Ocean City Today
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Resort firefighters to begin controversial shift schedule

By Katie Tabeling | Sep 28, 2017

(Sept. 29, 2017) The resort’s firefighter union is gearing up to start its new shift-schedule next week, finally moving off the longstanding shifts of 24 hours on-duty, followed by 72 hours off-duty.

Starting on Oct. 2, firefighters and paramedics will be assigned to 10-hour day and 14-hour night shifts, on a two-day rotation. That means employees will work two dayshifts, followed by two nightshifts, with four days off. Dayshift workers will report at 7 a.m. and nightshifts will start at 5 p.m.

The schedule is designed for a 45-hour work week, and the city will pay premium overtime for hours worked over the allotted time, according to the Fire Department shift implementation report.

“Anytime there’s change, you have to measure it, for better or worse, and that’s what we’ll do moving forward,” Fire Union President Ryan Whittington said.

The shift schedule was the focus of a yearlong impasse between the Town of Ocean City and Chapter 4269 of the International Association of Fire Fighters during labor negotiations, last year.

The mayor and City Council originally wanted to change the schedule to 12-hour shifts, but a compromise was reached on the 10/14 shift-schedule in March. A three-year contract was signed shortly after.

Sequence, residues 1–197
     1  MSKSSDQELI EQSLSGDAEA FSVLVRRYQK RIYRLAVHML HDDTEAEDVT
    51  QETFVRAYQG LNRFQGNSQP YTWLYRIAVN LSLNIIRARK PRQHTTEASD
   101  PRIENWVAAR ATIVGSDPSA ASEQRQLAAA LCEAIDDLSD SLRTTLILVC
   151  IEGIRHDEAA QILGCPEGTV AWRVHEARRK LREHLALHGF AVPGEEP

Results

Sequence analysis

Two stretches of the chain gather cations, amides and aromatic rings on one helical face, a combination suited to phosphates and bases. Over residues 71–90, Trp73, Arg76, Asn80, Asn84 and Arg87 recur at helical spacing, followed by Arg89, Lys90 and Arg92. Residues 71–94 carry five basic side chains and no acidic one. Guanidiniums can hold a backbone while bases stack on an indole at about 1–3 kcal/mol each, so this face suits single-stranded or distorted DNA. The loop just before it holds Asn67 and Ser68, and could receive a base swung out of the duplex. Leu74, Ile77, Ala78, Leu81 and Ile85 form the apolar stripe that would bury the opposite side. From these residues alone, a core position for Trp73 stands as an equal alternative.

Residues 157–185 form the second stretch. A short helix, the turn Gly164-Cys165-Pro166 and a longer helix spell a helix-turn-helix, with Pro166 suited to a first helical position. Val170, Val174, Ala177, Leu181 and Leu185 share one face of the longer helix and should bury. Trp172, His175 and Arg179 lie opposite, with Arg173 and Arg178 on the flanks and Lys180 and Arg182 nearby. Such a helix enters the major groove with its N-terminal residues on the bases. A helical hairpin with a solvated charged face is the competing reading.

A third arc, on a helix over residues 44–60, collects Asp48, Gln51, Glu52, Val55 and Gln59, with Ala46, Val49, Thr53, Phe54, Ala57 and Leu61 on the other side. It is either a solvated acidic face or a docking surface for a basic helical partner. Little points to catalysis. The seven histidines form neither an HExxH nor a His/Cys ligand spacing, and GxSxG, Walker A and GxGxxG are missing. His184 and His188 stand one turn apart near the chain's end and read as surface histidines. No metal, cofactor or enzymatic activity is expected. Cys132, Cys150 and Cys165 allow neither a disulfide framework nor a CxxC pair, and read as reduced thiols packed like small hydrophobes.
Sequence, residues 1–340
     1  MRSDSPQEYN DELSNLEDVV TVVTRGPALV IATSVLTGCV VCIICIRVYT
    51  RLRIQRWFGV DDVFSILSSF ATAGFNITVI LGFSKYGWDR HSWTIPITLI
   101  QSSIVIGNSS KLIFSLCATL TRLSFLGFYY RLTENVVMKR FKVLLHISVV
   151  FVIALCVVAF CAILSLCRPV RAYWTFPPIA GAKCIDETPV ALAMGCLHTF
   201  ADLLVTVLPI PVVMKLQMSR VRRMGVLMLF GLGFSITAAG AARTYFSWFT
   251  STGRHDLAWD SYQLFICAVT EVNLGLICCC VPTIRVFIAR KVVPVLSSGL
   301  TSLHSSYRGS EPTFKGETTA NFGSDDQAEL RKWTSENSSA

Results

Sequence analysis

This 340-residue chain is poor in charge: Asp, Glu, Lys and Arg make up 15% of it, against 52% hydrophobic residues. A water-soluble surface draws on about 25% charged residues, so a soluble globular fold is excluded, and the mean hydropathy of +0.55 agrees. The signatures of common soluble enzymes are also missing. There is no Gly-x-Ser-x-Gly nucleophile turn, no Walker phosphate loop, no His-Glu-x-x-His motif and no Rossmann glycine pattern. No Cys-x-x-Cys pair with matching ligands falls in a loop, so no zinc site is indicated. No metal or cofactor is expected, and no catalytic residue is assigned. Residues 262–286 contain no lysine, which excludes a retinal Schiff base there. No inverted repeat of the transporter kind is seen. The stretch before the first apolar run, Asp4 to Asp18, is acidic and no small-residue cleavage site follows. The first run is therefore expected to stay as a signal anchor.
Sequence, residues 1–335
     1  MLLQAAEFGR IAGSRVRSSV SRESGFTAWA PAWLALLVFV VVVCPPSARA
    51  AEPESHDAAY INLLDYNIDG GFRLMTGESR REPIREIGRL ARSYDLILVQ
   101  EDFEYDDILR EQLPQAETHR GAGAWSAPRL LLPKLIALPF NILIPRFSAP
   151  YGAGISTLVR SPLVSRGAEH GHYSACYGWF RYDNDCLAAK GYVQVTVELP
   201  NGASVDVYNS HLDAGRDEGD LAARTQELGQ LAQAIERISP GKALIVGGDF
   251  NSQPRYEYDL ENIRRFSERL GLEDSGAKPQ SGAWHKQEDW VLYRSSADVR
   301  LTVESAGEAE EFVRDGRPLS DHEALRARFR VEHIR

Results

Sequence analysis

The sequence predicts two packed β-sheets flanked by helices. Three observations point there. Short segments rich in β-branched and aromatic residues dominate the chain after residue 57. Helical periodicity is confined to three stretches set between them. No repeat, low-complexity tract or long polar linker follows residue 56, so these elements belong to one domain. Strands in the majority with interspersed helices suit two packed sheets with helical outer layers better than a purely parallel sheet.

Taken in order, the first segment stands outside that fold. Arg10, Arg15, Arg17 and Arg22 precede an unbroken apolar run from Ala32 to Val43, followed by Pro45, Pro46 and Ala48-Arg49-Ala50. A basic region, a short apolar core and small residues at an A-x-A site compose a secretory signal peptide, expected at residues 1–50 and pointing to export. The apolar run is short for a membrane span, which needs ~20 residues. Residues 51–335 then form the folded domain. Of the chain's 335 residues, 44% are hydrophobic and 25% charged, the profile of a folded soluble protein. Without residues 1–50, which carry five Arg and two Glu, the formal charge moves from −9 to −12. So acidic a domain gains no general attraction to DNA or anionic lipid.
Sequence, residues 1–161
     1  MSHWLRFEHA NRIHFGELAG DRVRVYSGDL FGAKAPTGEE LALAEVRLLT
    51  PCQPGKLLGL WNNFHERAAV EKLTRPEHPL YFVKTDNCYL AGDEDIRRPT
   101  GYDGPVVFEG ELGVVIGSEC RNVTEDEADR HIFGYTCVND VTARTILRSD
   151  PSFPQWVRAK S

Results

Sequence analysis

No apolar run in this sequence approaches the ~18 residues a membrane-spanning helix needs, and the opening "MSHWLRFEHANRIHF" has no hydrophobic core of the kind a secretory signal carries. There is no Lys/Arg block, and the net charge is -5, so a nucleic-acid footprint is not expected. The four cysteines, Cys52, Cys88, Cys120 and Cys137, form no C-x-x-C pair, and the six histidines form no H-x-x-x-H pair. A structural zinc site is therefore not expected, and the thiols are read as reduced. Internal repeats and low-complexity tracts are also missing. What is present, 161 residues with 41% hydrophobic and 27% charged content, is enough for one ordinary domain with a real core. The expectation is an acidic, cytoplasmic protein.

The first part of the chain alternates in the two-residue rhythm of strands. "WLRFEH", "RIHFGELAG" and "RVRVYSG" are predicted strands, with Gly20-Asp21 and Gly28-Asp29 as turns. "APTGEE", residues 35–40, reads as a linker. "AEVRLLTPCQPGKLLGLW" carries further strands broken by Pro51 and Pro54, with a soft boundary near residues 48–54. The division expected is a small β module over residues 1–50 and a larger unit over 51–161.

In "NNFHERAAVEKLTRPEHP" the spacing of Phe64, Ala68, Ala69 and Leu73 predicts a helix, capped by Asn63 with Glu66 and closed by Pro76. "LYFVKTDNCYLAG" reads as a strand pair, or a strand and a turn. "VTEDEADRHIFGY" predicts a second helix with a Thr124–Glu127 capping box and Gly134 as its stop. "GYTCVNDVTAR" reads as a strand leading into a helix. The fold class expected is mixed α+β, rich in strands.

The union will receive a $50,000 bonus on Oct. 1, to offset costs of switching to the new schedule. On average, the bonus breaks down to $1,282 per employee.

The contract requires the union to provide the city with a complete list of how the bonus will be divided, 30 days before that date.

Whittington said he still does not stand by the 10/14 schedule, but the union will move forward in the best interest of Ocean City.

“Nothing has changed since the negotiations. We still don’t believe this is the best for Ocean City,” he said. “It’s going to be monitored closely through shift reports and other discussions. At the end of the day, we’re responsible for the safety of the taxpayers of Ocean City, but we will work it for their best interest.”

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